Social / Feature



The Silent Killer on our Streets
Masahudu Ankiilu Kunateh, Ghanadot

Accra, Jan 27, Ghanadot - There has been a phenomenal increase in the activities of street food vendors in Accra, Kumasi, Sekondi-Takoradi, Cape Coast and Tamale and other urban centres over the last few decades. The influx of working people and students into the national and regional capitals, with majority of such people traveling long distances between their work places/schools and their residences compels them to rely on street vended foods, which are more convenient and ready to eat. Such foods are normally patronized in the afternoons and in the evenings.

In Ghana,  examples of some common street vended foods are waakye , fufu, Ga kenkey, rice balls (Omo Tuo), Fanti kenkey, cooked rice, fried plantain, roasted yams, cooked beans and boiled yams.

These vended foods abound in Nima, Mamobi, Ministries area, Kasoa, lorry parks, school compounds and campuses, beaches and market places. Khebabs, bread and salad and fruit juice, are also vended foods.  All these contribute significantly to the Ghanaian economy.

The street food sector alone employs more than 60,000 people in Accra, according to a study. An estimated annual turnover of US$100 million and profit of US$24 million are realised from this sector.

Instructively, 94% of the vendors are women with little education. About 75% of them do not belong to the Ghana Traditional Caterers Association, and therefore hardly pay tax.

Street food, when managed properly could contribute to food security and nutrition in the country.

The phenomenon of working couples with the women having little or no time for traditional cooking skills, gives room for partial or total dependence on cooked street food for the family. Most bachelors, spinsters, married men and women also depend heavily on street foods.

However, the lack of attention, and ignorance of hygiene, poor access to clean water, the problem of sanitation and disposal of waste and conditions in which some of these foods are prepared and handled have often turned these convenient, good looking and delicious meals into sources of food poisoning.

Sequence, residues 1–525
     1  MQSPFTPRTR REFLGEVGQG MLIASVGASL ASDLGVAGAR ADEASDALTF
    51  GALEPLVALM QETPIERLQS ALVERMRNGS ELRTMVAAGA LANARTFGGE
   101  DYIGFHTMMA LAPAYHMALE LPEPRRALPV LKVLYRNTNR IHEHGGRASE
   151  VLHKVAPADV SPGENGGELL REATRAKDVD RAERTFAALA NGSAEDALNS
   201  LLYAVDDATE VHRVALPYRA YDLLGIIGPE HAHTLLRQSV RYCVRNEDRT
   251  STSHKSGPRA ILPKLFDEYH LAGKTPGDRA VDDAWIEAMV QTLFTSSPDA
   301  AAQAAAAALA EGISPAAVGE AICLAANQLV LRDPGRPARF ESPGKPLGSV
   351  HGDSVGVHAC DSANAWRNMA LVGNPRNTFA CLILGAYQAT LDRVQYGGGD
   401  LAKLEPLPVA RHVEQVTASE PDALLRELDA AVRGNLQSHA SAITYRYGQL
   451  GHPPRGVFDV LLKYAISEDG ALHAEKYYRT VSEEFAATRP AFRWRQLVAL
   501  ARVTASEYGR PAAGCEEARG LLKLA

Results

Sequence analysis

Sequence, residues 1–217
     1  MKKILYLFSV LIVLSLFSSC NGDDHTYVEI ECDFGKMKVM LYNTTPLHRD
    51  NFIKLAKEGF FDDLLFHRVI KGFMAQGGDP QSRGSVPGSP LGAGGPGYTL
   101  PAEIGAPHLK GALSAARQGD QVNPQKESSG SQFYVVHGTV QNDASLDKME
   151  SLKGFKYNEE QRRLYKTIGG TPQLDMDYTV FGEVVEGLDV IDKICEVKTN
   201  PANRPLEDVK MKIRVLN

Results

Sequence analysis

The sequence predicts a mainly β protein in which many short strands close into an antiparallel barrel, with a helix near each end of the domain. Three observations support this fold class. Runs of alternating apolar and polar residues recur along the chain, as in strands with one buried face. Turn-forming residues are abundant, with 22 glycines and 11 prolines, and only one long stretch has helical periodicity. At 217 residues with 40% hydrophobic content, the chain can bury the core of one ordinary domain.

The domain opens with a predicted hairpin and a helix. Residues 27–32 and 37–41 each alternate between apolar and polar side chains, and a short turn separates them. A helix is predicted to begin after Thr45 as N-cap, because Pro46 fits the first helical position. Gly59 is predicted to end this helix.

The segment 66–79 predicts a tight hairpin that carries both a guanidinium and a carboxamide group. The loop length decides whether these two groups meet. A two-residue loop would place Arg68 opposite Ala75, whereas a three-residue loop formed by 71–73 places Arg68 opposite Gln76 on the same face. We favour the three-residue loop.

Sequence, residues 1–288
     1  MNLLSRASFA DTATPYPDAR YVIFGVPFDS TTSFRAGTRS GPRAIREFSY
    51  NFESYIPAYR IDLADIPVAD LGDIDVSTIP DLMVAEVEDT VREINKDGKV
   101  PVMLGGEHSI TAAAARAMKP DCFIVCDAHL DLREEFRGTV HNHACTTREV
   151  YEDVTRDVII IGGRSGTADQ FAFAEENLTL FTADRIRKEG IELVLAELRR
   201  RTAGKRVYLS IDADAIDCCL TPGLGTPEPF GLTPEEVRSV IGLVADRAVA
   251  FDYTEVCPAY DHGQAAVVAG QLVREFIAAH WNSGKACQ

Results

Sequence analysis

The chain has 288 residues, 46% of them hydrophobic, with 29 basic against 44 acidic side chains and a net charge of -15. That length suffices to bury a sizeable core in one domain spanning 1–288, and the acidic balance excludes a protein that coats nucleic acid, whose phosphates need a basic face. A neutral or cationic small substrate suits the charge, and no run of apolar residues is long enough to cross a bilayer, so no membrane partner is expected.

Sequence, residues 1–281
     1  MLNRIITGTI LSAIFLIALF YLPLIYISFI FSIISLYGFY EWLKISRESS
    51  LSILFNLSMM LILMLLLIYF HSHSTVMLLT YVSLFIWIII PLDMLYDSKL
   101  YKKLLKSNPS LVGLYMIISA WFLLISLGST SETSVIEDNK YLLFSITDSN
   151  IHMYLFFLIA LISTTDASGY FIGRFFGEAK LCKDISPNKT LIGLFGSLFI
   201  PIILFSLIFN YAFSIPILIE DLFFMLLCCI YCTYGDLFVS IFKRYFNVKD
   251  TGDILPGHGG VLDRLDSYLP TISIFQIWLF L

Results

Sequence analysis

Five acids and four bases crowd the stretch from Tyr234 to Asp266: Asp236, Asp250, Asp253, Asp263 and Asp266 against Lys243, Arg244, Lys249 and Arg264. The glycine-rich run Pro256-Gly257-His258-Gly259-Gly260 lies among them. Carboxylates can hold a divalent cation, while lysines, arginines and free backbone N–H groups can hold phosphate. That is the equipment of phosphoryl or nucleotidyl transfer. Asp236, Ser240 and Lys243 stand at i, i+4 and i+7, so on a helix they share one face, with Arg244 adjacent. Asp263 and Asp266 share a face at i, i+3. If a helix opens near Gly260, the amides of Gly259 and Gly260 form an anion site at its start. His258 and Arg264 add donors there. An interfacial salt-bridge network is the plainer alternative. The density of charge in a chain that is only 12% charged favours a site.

There is a general deterioration in the hygienic levels of vended foods in Accra, Kumasi and other urban centres.

A number of food vendors in Accra operate around areas where they have limited access to clean, potable water and good toiletry facilities, and sometimes are close by garbage mounds as well as open gutters.

Additionally, most of them also engage in practices that increase the spread of microbes. Majority of these food vendors handle food with bare hands with a few washing their hands during food handling.

There has been a scenario where E. coli, a pathogenic considered dangerous to children and the elderly is found in vended foods indicating faecal contamination.  This arises through the use of contaminated water, inferior food products, poor hygiene of food vendors, and through the help of flies or other insects.

A study conducted by the Food Research Institute of the Council for Scientific and Industrial Research, in collaboration with the National Resources of the University of Greenwich and sponsored the Department for International Development (DFID) of UK, on safety, quality and economics of street vended foods in Accra recently, revealed a worrying evidence regarding the safety and quality of some the street foods.

According to the study, 40% of waakye samples contained heavy metal lead above the Codex recommended maximum limit of 0.2mg/kg. Lead contamination can result in learning difficulties and behavioural problems in children. About 70% of food samples contained the organophosphorous pesticide, and chloropyriphos.

Even though, this was low, it said non-hazardous levels of mycotoxins and the heavy metal cadmium were detected in many of the street food samples.

All food samples analyzed were below the maximum aflatoxin levels recommended for foods for human consumption by the European Union. Aflatoxins have also been previously detected in fermented maize products, such as kenkey. They are highly toxic fungal metabolites.

The ingestion of these toxins can have a deleterious impact on the health and productivity of man and result in death when consumed in sufficiently high quantities. Good quality maize should be made available to food vendors.

The fact is that the street food sector has not been accorded the needed the attention it deserves by present and successive governments and agencies entrusted with the responsibility of managing the cities and maintaining hygiene and good sanitation, such as the metropolitan, municipal and district assemblies, the Food Research Institute, the Ghana Standard Board and the Food and Drugs Board.

Although, a comprehensive data on the food poisoning situation is not yet available, there have been some media reports of people poisoned after eating some street foods.







Web www.ghanadot.com

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